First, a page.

Hamming distance (apricot, abrikop)=3
Hamming distance is sometimes used to compute the distance between binary bit vectors of the same length. Sometimes, binary streams are repeated during transmission to increase reliability. If the original binary message and the repeated one have a non-zero edit distance, it is confirmed that some bits were corrupted during the transmission. Of course, if both the bits in the same position are changed to the same bit, then the Hamming distance will not be able to capture the corruption.
Hamming distance is a true distance measure. That is, it satisfies the four distance properties.
Edit distance (LCS-based)
The edit distance between two strings refers to the minimum number of edits required to convert one string to the other. What do we mean by the “number of edits?” Edit refers to one of the two following tasks: delete or insert. That is, the edit distance between two strings is the minimum number of delete and insert operations required to convert one string to the other.
Please note that given an infinite number of edits it is always possible to convert one string to another. We are talking about the “minimum” number of edits.
As an example, consider that we have two strings S1 and S2.
Let us try to convert S1 to S2.
We have, S1=xyzmn
Delete x from S1. S1 is now yzmn.
Insert o in the fourth position. S1 now becomes yzmon.
Insert p in the fifth position. S1 now becomes yzmopn.
Notice that S1 has become S2=yzmopn.
To convert S1 to S2, we needed three edits (one delete and two insertions.) We cannot do this conversion with any lesser edits than 3.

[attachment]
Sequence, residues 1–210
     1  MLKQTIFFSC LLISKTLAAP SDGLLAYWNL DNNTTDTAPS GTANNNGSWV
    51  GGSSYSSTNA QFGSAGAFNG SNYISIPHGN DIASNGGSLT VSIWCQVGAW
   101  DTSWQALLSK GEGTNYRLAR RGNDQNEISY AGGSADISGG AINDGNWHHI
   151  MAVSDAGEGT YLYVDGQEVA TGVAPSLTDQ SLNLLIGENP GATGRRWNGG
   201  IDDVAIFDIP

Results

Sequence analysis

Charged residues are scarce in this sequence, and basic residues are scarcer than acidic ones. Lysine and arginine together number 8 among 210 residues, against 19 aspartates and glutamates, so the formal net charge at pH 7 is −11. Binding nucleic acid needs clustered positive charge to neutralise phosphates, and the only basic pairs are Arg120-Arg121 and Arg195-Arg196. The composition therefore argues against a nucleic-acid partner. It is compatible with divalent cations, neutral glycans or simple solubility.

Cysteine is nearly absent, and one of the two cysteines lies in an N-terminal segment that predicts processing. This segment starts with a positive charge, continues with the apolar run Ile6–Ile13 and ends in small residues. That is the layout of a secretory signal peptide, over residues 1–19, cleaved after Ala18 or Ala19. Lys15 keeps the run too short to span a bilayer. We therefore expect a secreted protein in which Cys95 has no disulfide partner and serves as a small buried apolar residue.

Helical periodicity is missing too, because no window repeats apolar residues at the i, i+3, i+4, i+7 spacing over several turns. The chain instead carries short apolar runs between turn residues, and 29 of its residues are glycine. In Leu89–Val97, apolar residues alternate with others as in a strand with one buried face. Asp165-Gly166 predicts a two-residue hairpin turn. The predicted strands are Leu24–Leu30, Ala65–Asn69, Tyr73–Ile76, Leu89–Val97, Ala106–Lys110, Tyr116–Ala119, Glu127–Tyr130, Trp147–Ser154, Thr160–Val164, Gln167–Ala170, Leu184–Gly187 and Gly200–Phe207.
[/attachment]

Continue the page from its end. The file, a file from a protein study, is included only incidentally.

Therefore, the edit distance between xyzmn and yzmopn is 3.
Edit distance is a true distance measure. Therefore, it holds all the four axioms required in a distance formula. As a result,
edit distance (S1, S2)=edit distance (S2, S1)
If you attempt to convert yzmopn to yzmon you will see that you need a minimum of 3 edits. (Please do it as an exercise.)
There is an alternative way to compute the edit distance. The alternative relies on the length of the longest common subsequence (LCS). The formula is:
edit distance(S1, S2) = |S1| + |S2| – 2 |LCS(S1, S2)|
|S1| or |S2| indicates the length of the corresponding string. |LCS(S1, S2)| is the length of the longest common subsequence between S1 and S2.
LCS refers to the longest sequence of letters that are present in both the strings from left to right. Let us take our example strings S1=xyzmn and S2=yzmopn. Notice that the yzm is present in both the strings from left to right. However, yzm is not the longest sequence that is present in both the strings from left to right. The longest sequence that is present in both the strings from left to right is yzmn.
Note here that to be a subsequence, the subsequence need not be a contiguous substring. The letters of the subsequence may appear in the same sequence in a given string. For example, although yzmn is a substring in |S1|, yzmn does not appear as a substring in |S2|. In |S2|, yzm appears at the beginning of the string and n appears at the end. Still, yzmn is considered a subsequence of |S2|. That is, a substring is a subsequence but a subsequence may not be a substring.
edit distance(S1, S2) = edit distance(xyzmn, yzmopn)= |xyzmn| + |yzmopn| – 2 |yzmn|=5+6-2*4=3
Notice that the LCS-based formula is giving us the same edit distance as before for the given pair of strings.
The LCS-based formula for edit distance is widely used because there are existing algorithms in the literature to compute LCS. Hence, computing edit distance is not difficult when someone uses an existing algorithm to compute LCS.